Yesterday at Arby’s some of us were chatting about Mr. Rogers and how really good he was in his day on TV. He was a comforting presence that we welcomed into our homes, where so much of what we welcome into our living rooms nowadays is not nearly as healthy. Mr. Rogers had a strong theology of love and really saw in each person a child of God who needed love and who was called to be loved. He once said, “I think everybody longs to be loved and longs to know that he or she is lovable and, consequently, the greatest thing that we can do is to help somebody know that they are loved and capable of loving.”
Today I am reflective that it is indeed true that the world needs love and needs growth. God is all about love and all about service and Mr. Rogers reiterated that when he said “At the center of the universe is a loving heart that continues to beat and that wants the best for every person. Anything we can do to help foster the intellect and spirit and emotional growth of our fellow human beings, that is our job.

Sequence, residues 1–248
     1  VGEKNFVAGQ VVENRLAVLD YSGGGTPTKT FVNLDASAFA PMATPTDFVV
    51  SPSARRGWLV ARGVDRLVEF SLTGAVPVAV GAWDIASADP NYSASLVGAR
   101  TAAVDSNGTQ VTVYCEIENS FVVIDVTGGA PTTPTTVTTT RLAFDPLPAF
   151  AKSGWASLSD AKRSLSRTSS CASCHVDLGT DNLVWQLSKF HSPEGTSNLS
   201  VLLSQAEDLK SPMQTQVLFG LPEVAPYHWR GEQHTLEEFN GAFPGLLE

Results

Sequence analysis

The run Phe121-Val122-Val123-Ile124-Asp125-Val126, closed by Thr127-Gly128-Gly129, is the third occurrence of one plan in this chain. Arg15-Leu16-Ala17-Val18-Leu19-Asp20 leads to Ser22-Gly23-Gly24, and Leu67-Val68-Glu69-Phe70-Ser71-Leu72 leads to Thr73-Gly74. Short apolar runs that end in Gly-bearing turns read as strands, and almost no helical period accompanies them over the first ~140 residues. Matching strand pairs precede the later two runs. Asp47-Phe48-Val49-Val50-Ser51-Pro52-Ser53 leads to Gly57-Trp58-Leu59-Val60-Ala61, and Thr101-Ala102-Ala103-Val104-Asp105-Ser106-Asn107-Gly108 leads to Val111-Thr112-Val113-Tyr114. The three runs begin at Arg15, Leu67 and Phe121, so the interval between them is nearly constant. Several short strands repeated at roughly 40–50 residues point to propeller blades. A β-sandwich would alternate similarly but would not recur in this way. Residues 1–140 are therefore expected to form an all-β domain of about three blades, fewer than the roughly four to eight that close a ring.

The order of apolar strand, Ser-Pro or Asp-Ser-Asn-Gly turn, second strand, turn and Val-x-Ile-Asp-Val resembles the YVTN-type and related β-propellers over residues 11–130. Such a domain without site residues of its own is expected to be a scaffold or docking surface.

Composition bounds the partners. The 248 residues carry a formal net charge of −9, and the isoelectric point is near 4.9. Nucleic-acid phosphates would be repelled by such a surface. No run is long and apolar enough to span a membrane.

Those of us who have this particular vision must continue against all odds. Life is for service.”
So when it feels frustrating some days and there does not appear to be progress in the mission to BE the people of God and to Advance the cause of love and growth for all of God’s children, think of the late great Fred Rogers and his well communicated theology of love and community. “Won’t you be my neighbour?”
Here is a video tribute – you can pause the music on this page first by clicking player above.
It is hard to imagine that the Roman Catholic Church would be speaking out against a government attempt to cut down on impaired driving, isn’t it? But alas we should never be surprised by the church (including all of us here – Anglicans too sometimes) and its ability to participate in the most ridiculous of situations.
This story comes from Northern Ireland of all places. On November 2 the BBC ran a story with the headline, EUCHARIST COULD MEAN ‘WATER INTO FINE.’ Apparently, Sinn Fein has been calling for zero tolerance on what they call ‘drink-driving.’ This has already happened in many places in Eastern Europe. I understand from my extensive half an hour of research that ‘drink-driving’ is a big problem Northern Ireland and that this is an honest effort to stop people from the dangerous practice of finishing up a pint or two at the local ‘public house’ and driving several miles down the road to the next pub and so on and so on…! To most of us that sounds like a good idea (I mean the not drinking and driving part, not the going pub hopping with a car part!).